Some opportunities for the recognition of Italian culture in the world are lost forever, such as the Nobel Prize for literature to Roberto Bracco, which was never awarded to him due to the veto of the Italian government of the time.
For other opportunities, instead, there is still a chance. This is the case of the election of Domenico Cirillo, a Neapolitan physician, naturalist and patriot of the Republic of 1799, to the American Philosophical Society (APS), a learned society established by Benjamin Franklin in Philadelphia in 1743.
Some archival findings suggest that Cirillo’s election was not recorded due to a clerical error occurred in 1768. The minutes of the APS mention a letter in which Cirillo thanks John Morgan, an illustrious physician from Philadelphia, for having proposed him as a member of that society. Yet, Cirillo’s name does not appear in the records of the APS. Instead, those records refer to the election of an unknown ‘Professor Famitz’ of Naples, who is not mentioned anywhere in the archives of the University of Naples or in the records of the main academic societies of the time.
How is it possible that the name of Cirillo be confused with that of Famitz? It all began with a letter of 1767 in which the British Consul in Naples, Isaac Jamineau, invited Morgan to initiate a correspondence with ‘My family physician … Professor of Botany here [in Naples] … to whom this university is oblig’d for the introduction of Linneas’ System’. Morgan, who had visited Naples in 1764, must have matched that description with that of Cirillo, professor of Botany at the University of Naples since 1760 and correspondent of the Swedish naturalist Carl Nilsson Linnaeus.
Morgan thus proposed Cirillo’s election to the Society, forwarding Jamineau’s letter as proof of Cirillo’s international reputation. The person who followed up on this, however, must have mistaken the words ‘My Family Physician’ for ‘Mr Famitz Physician’ and enrolled the unknown ‘Professor Famitz’, instead of Cirillo.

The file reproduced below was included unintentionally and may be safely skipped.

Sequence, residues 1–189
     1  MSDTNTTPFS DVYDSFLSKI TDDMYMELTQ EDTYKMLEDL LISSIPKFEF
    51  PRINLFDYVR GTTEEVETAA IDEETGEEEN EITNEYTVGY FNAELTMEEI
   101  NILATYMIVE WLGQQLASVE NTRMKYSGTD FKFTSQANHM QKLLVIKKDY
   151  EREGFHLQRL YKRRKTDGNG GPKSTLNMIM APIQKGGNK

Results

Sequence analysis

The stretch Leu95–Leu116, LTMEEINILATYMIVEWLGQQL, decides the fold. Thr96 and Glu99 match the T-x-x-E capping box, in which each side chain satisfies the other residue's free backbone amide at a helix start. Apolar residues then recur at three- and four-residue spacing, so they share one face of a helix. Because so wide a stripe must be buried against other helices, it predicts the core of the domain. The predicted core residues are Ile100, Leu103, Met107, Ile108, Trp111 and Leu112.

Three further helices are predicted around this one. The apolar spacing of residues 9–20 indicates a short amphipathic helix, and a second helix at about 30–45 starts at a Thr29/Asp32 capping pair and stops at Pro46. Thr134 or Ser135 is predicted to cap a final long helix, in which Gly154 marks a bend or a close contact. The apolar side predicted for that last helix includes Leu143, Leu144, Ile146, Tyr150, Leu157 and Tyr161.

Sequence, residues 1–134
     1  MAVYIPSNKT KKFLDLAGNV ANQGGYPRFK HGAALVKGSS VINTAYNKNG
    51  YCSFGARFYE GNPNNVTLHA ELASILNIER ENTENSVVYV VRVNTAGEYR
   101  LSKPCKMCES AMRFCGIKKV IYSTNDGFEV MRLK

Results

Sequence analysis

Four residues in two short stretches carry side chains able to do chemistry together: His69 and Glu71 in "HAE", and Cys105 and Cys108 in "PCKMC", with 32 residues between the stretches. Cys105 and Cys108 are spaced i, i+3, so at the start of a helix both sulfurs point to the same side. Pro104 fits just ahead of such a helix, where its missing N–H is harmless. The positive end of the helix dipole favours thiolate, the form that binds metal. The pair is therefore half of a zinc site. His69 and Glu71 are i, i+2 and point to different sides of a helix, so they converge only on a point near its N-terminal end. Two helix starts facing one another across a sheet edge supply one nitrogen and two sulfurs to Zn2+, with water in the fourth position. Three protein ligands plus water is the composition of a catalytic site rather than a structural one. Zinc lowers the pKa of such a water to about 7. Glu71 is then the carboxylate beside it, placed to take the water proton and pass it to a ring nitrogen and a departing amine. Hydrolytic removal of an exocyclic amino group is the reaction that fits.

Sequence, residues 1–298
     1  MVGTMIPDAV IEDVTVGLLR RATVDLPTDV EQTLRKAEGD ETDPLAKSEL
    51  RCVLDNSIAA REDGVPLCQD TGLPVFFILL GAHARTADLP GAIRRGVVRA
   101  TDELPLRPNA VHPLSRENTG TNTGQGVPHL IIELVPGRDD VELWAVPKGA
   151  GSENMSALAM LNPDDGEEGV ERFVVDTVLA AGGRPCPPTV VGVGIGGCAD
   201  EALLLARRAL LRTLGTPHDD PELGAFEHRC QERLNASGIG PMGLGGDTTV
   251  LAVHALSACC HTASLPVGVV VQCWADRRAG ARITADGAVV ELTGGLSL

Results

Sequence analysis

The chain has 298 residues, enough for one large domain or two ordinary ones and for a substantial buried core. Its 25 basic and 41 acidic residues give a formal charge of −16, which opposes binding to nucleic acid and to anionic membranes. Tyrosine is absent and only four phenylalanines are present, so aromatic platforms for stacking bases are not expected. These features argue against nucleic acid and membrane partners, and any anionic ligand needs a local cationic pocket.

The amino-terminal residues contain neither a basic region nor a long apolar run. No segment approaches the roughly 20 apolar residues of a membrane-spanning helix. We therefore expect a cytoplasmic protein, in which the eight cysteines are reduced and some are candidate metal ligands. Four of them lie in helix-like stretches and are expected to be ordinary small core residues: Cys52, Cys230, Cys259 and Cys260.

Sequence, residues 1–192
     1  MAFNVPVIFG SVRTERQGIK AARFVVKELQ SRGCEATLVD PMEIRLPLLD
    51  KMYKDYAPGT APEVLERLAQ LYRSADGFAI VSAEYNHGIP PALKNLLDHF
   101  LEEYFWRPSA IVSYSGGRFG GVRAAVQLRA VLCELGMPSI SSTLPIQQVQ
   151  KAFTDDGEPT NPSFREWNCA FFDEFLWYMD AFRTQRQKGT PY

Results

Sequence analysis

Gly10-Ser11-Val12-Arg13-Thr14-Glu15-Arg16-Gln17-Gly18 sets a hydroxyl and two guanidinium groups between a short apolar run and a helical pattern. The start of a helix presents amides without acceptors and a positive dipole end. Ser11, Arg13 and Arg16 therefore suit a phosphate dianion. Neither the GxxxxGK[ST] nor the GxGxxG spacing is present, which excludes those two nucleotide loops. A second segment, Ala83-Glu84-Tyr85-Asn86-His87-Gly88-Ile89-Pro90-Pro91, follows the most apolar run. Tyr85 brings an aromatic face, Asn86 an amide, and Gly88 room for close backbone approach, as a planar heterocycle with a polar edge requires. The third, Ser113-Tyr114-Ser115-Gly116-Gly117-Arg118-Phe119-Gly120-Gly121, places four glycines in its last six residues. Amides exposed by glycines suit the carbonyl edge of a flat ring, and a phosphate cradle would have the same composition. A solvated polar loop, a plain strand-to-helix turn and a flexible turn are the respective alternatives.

This account, which builds upon the work of eminent scholars such as Antonio Pace and Whitfield Jenks Bell Jr, finds support in the examination of Jamineau’s letter, which I managed to retrieve thanks the archivists of the Historical Medical Library of the Philadelphia College of Physicians.
The handwriting of the British Consul is not easy to understand, but from a comparison with other passages of the letter it seems that he really wrote ‘Family’ and not ‘Famitz’: the penultimate letter is a ‘t’ and not an ‘l’, as it lacks the horizontal dash, present instead in all the other ‘t’s of the document; the last letter is a ‘y’ and not a ‘z’, as can be seen from the comparison with the last letters of the words ‘university’ and ‘botany’ contained in the same sentence.
What might be the implications of such findings? While posthumous elections to the APS are not permitted, the rectification of clerical errors in elections already completed should in principle possible, even if it would be the first time for a Society that has been active for over two and a half centuries.
Hence, the idea of launching a petition (https://www.change.org/CirilloAPS) to Linda Greenhouse, president of the American Philosophical Society.
The recognition of the Neapolitan Domenico Cirillo as the first Italian member of the most eminent American scientific society would be a testament to the international relevance that Neapolitan culture already had in the 18th century and to the deep bond between the United States and Naples, which hosts one of the oldest US diplomatic posts in Europe.
Paolo Caputo, Director of the Botanical Gardens of Naples and Professor of Botany at Federico II University, commented: “I can confirm that it was Cirillo, not the unknown Famitz, who introduced the Linnaean system in Naples and held the chair of Botany at the University. Also, to my knowledge, no one by the name of ‘Famitz’ is known in Botany. Domenico Cirillo greatly contributed to science and society and, in a twisted retribution, he was sentenced to death. So it is our duty to honor his memory and his achievements.”
Professor Antonio Giordano, Board member of the National Italian American Foundation, and Director of the Sbarro Health Research Organization at Temple University, commented: “it is time to correct a historical error and to recognize the profound influence that the Neapolitan medical school had in the United States from the very beginning. Let us not forget that it was another Italian physician, Philip Mazzei, who provided Jefferson with some of the words of the Declaration of Independence. As an Italian-American physician and President of SHRO, a Philadelphia-based research center now also active in Italy, I fully support this initiative, in the name of the values that unite Italy and the US”.